“Now confess, preted the latter in his favor? Besides, pussy-cat, that you and Hetty here have hadn't she his engagement ring upon her set your names to this anti-extravagance, finger ? home-encouragement document.”
Apropos of this movement for paHetty and Nell exchanged smiling tronizing home manufactures exclusively, glances.
Hal, you ought to have witnessed the · And what if we have? I for one scene in at Tattenall's yesterday, when sha'n't be married in calico ! If ever . Hetty and I were shopping; we were on
Well, they were in the store inquiring THOUGHTS SUGGESTED BY THE DEATH OF A of Phil Warbridge for domestic linen;
LITTLE CHILD. he showed them a coarse article ; they Dedicated to those who mourn. threw up their heads at that; must have
By Jenny Croyon. something very fine, with glossy finish,
HOUSEHOLD angel from heaven sent, etc. And, would you believe it, that
We thought it given, - 'twas only lent. young sinner sold them a yard of dollar and a half Holland for an American Winsome, loving, happy child! fabric! and, innocent goosies as they Pale, soft hair and eyes blue, mild. were, they were delighted with their purchase, and went home in blissful igno- Darling one ! on mother smile rance of the hoax practised upon them. Nevermore - 'tis hard, my child ! Wasn't it scandalous, and they belong to the Loyal League too ! "
* Lent" to us a little while, “ Shocking,” said Hal, eying the ceil- To please us with its artless guile. ing with mock gravity; "I hope you two disciples of the new order will not allow Ah, sad our hearts and lone our home yourselves to be deceived in that way."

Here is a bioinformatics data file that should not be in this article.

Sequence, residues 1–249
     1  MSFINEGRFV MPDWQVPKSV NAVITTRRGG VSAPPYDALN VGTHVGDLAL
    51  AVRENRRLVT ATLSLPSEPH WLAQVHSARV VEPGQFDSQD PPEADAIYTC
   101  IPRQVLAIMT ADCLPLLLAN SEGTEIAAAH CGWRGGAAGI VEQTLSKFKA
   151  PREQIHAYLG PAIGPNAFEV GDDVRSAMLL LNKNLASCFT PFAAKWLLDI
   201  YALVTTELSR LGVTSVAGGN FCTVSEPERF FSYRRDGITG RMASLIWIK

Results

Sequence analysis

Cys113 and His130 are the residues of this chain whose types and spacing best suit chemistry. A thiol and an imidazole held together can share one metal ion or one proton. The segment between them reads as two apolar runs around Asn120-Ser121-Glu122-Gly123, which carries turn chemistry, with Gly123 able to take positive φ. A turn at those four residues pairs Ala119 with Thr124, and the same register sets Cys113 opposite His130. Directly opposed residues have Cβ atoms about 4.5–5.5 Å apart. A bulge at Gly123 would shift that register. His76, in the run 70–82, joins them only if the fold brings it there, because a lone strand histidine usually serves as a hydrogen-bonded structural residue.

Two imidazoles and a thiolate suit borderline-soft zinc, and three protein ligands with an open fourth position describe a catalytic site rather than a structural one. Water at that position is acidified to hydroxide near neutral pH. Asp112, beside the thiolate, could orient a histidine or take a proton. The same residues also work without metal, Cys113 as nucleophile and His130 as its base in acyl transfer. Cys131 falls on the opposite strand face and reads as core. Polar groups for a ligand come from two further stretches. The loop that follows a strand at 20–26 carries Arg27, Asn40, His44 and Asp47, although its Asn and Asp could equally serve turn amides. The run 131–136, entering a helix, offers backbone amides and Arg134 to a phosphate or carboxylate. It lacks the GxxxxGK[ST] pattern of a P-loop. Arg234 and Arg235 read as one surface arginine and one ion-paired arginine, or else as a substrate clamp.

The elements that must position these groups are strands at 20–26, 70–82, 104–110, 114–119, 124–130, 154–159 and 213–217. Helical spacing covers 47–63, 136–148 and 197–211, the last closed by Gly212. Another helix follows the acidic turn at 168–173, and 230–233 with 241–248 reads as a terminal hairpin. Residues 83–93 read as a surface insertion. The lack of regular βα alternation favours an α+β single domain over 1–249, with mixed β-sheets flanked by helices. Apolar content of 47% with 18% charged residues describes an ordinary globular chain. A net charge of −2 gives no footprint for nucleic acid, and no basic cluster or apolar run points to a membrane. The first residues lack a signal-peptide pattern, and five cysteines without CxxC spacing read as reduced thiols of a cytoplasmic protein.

Since baby's smile from us has gone. “ Of course not; don't you suppose we know the difference between our own and
Only those who've "loved and lost" foreign goods ?”
Can know the pange this sorrow's cost. The young gentleman had a wickedly mischievous look in his eyes about this
Be still, wrung heart ; no more repine ; time.
Life o'er, in heaven he will be mine! “But you ought to have heard Nell
From all earth's cares and trials free, reprove the clerk as we passed his coun
In our home above he waits for me, – ter,” said Hetty; "she turned to him and with one
of her queer looks asked, • Friend Phil don't
Waits with angels, shining band, think
you sold yourself to the Arch-Enemy alto
Spirit children, hand in hand. gether too cheap?'”
Thanks, dear Lord, for those still left. « Capital ! ” cried Hal, laughing heart
“Thy will be done,” though we're bereft ily; "why, Het, we shall persuade her into the calico for a wedding-dress yet ! ”
“ Never; so you need not cherish that WE SHALL MEET IN HEAVEN. fond delusion !
By Genevra Glenn. “But, Nellie," meekly responded Het- The winds sigh mournfully through the trees; ty, "you
Avoice I hear in the passing breeze, mull, that's not made yet.”
Whispering of hours that have long since filed, “ Bravo!' bravissimo!!” cried Hal, And of friends now cold ’mid the silent dead. jumping up and tossing the ball of worsted into the air, catching it as it fell. Of the many dear ones that, gone before, “ Hetty, we'll all stand up together yet! A wait me now on the other ghore ; Darling Nell, when shall I engage the That have crossed the river and joined the band cler gyman?"
That surrounds His throne in the happy land. Lilfred's Rest.
I soon shall go my loved ones to meet,
And sit with the angels at Jesus' feet; THE “ Quarterly" for April has been Where pain comes not, and but peace and love published,
and contains a fine selection of and songs of praise fill those courts above. articles. Single copies 80 cents.
I shall bid farewell to the loved of earth, The “ Hours of Communion,” by Rev. No more to join them in scenes of mirth; E. H. Chapin, can be sent anywhere by But thanks to Christ, to whom is given mail for thirty cents.
All power to meet them at last in heaven.